What’s new in classical film theory?
JOHANNES VON MOLTKE
What’s new in classical film theory? This was the question behind a remarkably well-attended panel at the 2012 Society for Cinema andMedia
Studies (SCMS) conference – prompted by a string of recent interventions in academic publishing and on the conference circuit – and it is one that deserves our attention.Whether in confirmation of or in opposition to posttheoretical turns and elegies for theory,we arewitnessing a concerted return to someof the central texts and authors of classical film theory.Over the past few years, conferences and symposia in London and Paris, and at US universities including Harvard, Yale, Chicago, and Dartmouth, have led to anthologies covering ‘Arnheim for film and media studies’, to ‘opening
Bazin’ for reconsideration, to investigating theworks of JeanEpstein, and to probing the legacies of Siegfried Kracauer.1Just as importantly, and doubtless prompting some of these new reflections, many texts and fresh translations have become newly available: thanks to Erica Carter and
Rodney Livingstone, Béla Balázs’s early film theory (the subject of a 2009
Screen symposium) is nowaccessible for the first timenEnglish translation;
Sarah Keller and Jason N. Paul’s Epstein anthology includes a substantial section of new translations of Epstein’s own writings; and Siegfried
Kracauer’s American Writings have also recently been published.
Two years after the panelmentioned above, a roundtable on ‘the return to classical film theory’ at this year’s SCMS again attracted considerable interest; another on the same topic preceded the publication of a special issue ofOctober.2After a period of comparative neglect, it would seem, the classics are back: that is what’s new. 1 Béla Balázs, Early Film Theory:
Visible Man and The Spirit of Film, ed. Erica Carter, trans. Rodney
Livingstone (Oxford: Berghahn
Books, 2010); Siegfried Kracauer,
American Writings: Essays on Film and Popular Culture, ed. Johannes von Moltke and Kristy Rawson (Berkeley, CA: University of
California Press, 2012). See also
Siegfried Kracauer, Werke,
Volumes I–IX (Frankfurt am Main:
Suhrkamp, 2004–12). 2 ’A return to classical film theory?’,
October, no. 148 (2014). 396 Screen 55:3 Autumn 2014© The Author 2014. Published by Oxford University Press on behalf of Screen. All rights reserved doi:10.1093/screen/hju032 do ss ie r at Tem ple U niversity on A pril 22, 2015 http://screen.oxfordjournals.org/
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What, though, has prompted this return? Is it a sign of exhaustion, a kind of theory fatigue, or does it speak instead of a renewed theoretical vigour?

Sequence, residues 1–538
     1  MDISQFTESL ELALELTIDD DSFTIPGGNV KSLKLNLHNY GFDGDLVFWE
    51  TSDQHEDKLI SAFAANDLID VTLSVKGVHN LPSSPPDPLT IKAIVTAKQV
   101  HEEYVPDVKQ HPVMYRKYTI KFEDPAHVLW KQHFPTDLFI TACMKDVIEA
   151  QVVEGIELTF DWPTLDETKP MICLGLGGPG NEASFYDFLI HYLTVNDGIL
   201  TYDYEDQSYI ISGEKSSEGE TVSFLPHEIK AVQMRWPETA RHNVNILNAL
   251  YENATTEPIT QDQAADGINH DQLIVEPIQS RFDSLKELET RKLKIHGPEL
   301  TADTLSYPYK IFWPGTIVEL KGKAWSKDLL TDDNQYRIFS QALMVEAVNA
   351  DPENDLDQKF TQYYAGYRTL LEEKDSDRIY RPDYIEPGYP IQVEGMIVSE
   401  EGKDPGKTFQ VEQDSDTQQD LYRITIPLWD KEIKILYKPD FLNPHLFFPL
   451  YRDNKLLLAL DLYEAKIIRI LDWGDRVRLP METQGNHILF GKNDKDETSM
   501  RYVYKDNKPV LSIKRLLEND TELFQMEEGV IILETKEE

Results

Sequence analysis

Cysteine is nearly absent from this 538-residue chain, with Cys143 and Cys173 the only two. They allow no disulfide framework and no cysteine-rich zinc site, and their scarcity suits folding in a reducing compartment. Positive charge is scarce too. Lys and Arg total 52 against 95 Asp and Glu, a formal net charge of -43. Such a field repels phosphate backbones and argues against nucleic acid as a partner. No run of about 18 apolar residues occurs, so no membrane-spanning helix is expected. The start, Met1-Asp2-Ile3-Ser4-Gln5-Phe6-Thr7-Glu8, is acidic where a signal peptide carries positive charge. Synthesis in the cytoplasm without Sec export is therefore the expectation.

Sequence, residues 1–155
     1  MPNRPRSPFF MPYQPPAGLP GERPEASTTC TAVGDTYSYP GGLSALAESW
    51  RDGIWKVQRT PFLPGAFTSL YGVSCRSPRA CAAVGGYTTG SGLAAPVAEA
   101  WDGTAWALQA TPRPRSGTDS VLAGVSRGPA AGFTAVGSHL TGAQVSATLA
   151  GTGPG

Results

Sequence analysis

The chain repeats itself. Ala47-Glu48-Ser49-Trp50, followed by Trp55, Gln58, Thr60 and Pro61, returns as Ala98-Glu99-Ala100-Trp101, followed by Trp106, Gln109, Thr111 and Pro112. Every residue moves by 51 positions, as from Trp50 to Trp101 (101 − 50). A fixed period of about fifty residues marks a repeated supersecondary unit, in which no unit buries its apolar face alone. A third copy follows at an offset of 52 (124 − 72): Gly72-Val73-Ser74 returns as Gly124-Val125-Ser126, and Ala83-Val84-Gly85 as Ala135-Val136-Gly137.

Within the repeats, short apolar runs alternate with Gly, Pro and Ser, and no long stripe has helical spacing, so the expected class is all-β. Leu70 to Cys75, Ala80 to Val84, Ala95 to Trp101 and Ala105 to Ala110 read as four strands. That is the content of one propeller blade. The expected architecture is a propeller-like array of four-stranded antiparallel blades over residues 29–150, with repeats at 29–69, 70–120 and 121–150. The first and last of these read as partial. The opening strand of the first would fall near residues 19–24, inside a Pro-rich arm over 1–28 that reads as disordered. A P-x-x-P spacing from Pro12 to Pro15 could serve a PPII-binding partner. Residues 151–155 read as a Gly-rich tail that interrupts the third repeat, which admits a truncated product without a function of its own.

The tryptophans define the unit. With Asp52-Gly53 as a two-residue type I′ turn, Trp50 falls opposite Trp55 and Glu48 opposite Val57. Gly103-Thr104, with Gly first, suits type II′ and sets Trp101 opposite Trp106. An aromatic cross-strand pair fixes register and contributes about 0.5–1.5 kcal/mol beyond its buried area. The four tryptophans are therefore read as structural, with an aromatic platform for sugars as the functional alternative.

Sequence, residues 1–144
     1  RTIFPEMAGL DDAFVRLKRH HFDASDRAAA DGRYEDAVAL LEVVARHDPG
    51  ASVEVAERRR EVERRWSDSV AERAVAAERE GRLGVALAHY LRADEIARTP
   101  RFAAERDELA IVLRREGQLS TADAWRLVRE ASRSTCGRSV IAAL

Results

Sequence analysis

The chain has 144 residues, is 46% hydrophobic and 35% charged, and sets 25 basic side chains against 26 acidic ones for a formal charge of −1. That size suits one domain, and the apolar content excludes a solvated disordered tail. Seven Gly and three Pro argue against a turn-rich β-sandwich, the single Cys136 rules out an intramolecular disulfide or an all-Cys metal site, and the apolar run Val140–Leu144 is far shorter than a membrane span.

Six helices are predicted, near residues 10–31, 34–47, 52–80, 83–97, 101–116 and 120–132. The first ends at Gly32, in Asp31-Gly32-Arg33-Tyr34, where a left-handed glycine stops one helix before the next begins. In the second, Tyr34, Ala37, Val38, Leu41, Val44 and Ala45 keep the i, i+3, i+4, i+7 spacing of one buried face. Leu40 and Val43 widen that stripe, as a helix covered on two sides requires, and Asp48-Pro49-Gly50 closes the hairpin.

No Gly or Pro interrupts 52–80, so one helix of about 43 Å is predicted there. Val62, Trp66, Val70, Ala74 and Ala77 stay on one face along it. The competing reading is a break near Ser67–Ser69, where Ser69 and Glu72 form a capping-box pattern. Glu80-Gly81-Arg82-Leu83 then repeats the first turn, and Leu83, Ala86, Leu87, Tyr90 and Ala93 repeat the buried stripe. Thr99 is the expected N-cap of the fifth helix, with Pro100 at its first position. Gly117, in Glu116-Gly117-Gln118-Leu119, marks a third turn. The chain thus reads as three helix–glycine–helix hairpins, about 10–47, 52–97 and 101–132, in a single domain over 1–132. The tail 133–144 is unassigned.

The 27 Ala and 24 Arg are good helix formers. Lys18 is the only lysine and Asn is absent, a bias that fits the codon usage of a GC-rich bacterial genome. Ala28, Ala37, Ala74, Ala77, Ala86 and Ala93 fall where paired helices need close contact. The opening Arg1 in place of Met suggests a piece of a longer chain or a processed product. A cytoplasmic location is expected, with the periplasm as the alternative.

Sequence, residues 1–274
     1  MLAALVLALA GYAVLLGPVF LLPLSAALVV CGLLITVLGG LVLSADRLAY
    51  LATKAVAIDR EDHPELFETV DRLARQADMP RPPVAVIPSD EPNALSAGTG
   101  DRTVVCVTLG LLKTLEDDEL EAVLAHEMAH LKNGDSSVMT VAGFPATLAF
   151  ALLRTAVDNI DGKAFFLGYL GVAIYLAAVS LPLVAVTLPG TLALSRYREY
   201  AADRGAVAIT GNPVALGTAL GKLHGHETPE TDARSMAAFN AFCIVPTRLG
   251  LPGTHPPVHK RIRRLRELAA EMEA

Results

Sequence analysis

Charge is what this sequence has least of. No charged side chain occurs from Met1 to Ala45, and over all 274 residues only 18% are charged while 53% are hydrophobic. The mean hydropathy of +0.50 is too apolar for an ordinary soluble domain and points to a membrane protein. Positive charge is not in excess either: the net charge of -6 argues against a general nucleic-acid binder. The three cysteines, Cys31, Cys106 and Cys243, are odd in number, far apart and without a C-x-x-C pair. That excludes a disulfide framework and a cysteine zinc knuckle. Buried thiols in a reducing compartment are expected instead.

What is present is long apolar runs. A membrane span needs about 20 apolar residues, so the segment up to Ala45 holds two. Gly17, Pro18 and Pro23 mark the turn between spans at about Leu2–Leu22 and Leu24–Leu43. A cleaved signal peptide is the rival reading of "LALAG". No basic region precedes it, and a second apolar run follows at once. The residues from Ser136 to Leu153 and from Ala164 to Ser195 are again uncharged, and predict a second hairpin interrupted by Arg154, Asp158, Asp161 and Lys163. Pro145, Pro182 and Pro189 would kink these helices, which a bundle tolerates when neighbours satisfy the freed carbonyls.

And to which classical film theory, or theories, are critics turning? Which theorists are we neglecting – who is arguing for the rereading of Deren, of
Panofsky or Pudovkin, for example – and why? These are some of the questions that this dossier considers, and to which it starts to offer some answers, all ofwhich arguably hinge onhowwevariously ‘locate’ the return of classical film theory historically and discursively. It comes in thewake of psychoanalytic and poststructuralist theories of the 1970s and 1980s, of the ostensible ‘end’ to that mode of theorizing proclaimed in 1996 by David
Bordwell andNoël Carroll inPost-Theory,3 and of the ensuing explorations of cognitive andneuroscientific paradigmsunder the aegis of theSociety for
Cognitive Studies of theMoving Image. But it also follows the digital turn, the explosion of media platforms, and the apparent dissolution of film as a concrete, clearly delimited object of study in the age of convergence. After all of these seismic shifts, the field is looking back to early theorizations of film by Arnheim, Balázs, Bazin, Epstein and Kracauer, rethinking their contributions, historicizing and actualizing them at the same time.
The following three essays take stock of recent developments in an effort to account for some of the reasons for this resurgence and to propose frames for debates still to come. Johannes von Moltke considers different ways of appropriating classical film theories in and for the present, advocating a historicizing approach. David N. Rodowick then asks us to contextualize classical film theorizingbyhistoricizing theverynotionof ‘theory’. Finally,
Erica Carter recovers the place of the NewWoman as image, cinema icon and myth in the ekphrastic style of Balázs’s writings. Deriving from ongoing engagement by these authors with the foundational theoretical texts of our discipline, these interventions are designed to prompt further discussion of the place of classical film theory in contemporary film and media studies. 3 David Bordwell and Noël Carrol,
Post Theory: Reconstructing Film
Studies (Madison, WI: University of
Wisconsin Press, 1996). 397 Screen 55:3 Autumn 2014 . Johannes von Moltke . What’s new in classical film theory? Introduction dossier at Tem ple U niversity on A pril 22, 2015 http://screen.oxfordjournals.org/
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